Streaming data is becoming a core component of enterprise data architecture. Streaming technologies are not new, but they have considerably matured over the past year. The industry is moving from painstaking integration of technologies like Kafka and Storm, towards full stack solutions that provide an end-to-end streaming data architecture.
What is Streaming Data Architecture?
A streaming data architecture can ingest and process large volumes of streaming data from multiple sources. While traditional data solutions focused on writing and reading data in batches, a streaming data architecture consumes data immediately as it is generated, persists it to storage, and may perform real-time processing, data manipulation and analytics.
Why Streaming Data Architecture? Benefits of Stream Processing
Stream processing is becoming an essential data infrastructure for many organizations. Typical use cases include click stream analytics, which allows companies to track web visitor activities and personalize content; eCommerce analytics which helps online retailers avoid shopping cart abandonment and display more relevant offers; and analysis of large volumes of streaming data from sensors and connected devices in the Internet of Things (IoT).
Stream processing provides several benefits that other data platforms cannot:
- Able to deal with never-ending streams of events—some data is naturally structured this way. Traditional batch processing tools require stopping the stream of events, capturing batches of data and combining the batches to draw overall conclusions. In stream processing, while it is challenging to combine and capture data from multiple streams, it lets you derive immediate insights from large volumes of streaming data.
- Real-time or near-real-time processing—most organizations adopt stream processing to enable real time data analytics. While real time analytics is also possible with high performance database systems, often the data lends itself to a stream processing model.
- Detecting patterns in time-series data—detecting patterns over time, for example looking for trends in website traffic data, requires data to be continuously processed and analyzed. Batch processing makes this more difficult because it breaks data into batches, meaning some events are broken across two or more batches.
- Easy data scalability—growing data volumes can break a batch processing system, requiring you to provision more resources or modify the architecture. Modern stream processing infrastructure is hyper-scalable, able to deal with Gigabytes of data per second with a single stream processor. This allows you to easily deal with growing data volumes without infrastructure changes.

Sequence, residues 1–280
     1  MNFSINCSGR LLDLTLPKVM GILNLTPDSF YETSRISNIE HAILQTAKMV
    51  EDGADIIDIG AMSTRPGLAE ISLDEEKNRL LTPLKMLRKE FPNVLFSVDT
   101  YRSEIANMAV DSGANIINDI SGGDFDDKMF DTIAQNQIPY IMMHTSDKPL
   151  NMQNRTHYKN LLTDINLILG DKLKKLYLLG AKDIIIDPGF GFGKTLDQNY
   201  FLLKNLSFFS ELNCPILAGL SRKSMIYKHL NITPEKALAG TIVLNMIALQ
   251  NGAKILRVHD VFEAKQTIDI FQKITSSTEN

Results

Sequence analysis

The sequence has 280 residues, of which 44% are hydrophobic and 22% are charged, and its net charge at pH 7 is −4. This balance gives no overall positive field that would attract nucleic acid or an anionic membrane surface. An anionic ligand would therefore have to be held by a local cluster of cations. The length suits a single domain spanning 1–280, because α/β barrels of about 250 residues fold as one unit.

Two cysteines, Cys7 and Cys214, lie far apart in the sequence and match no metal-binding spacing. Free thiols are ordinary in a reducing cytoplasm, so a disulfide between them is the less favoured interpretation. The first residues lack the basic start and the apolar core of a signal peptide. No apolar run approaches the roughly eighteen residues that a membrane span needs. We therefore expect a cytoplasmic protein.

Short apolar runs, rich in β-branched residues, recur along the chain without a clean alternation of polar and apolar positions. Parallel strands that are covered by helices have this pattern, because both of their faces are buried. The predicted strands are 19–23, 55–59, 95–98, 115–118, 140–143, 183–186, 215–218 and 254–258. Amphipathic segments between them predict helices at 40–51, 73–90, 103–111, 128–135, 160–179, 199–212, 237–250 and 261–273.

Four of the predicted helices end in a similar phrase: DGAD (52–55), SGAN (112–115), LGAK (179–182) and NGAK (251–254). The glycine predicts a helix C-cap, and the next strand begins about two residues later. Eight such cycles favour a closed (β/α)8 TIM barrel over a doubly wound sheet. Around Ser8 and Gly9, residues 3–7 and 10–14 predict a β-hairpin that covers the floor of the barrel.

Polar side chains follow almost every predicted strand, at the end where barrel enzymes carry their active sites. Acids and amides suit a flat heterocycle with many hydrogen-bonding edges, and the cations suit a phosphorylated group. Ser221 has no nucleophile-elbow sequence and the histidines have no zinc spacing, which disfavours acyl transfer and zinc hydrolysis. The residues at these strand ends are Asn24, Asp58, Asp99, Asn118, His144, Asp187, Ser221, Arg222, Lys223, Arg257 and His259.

The Components of a Traditional Streaming Architecture
1. The Message Broker
This is the element that takes data from a source, called a producer, translates it into a standard message format, and streams it on an ongoing basis. Other components can then listen in and consume the messages passed on by the broker.
The first generation of message brokers, such as RabbitMQ and Apache ActiveMQ, relied on the Message Oriented Middleware (MOM) paradigm. Later, hyper-performant messaging platforms emerged which are more suitable for a streaming paradigm. Two popular streaming brokers are Apache Kafka and Amazon Kinesis Data Streams.
Unlike the old MoM brokers, streaming brokers support very high performance with persistence, have massive capacity of a Gigabyte per second or more of message traffic, and are tightly focused on streaming with no support for data transformations or task scheduling. You can learn more about message brokers in our article on analyzing Apache Kafka data.
2. Stream Processor / Streaming Data Aggregator
The stream processor collects data streams from one or more message brokers. It receives queries from users, fetches events from message queues and applies the query, to generate a result. The result may be an API call, an action, a visualization, an alert, or in some cases a new data stream.
A few examples of stream processors are Apache Storm, Spark Streaming and WSO2 Stream Processor. While stream processors work in different ways, they are all capable of listening to message streams, processing the data and saving it to storage. Some stream processors, including Spark and WSO2, provide a SQL syntax for querying and manipulating the data.
3. Data Analytics Engine
After streaming data is prepared for consumption by the stream processor, it must be analyzed to provide value. There are many different approaches to streaming data analytics. Here are some of the tools most commonly used for streaming data analytics.
4. Streaming Data Storage
With the advent of low cost storage technologies, most organizations today are storing their streaming event data. Here are several options for storing streaming data, and their pros and cons. A data lake is the most flexible and inexpensive option for storing event data, but it has several limitations for streaming data applications.
Upsolver provides a data lake platform that ingests streaming data into a data lake, creates schema-on-read, and extracts metadata. This allows data consumers to easily prepare data for analytics tools and real time analytics.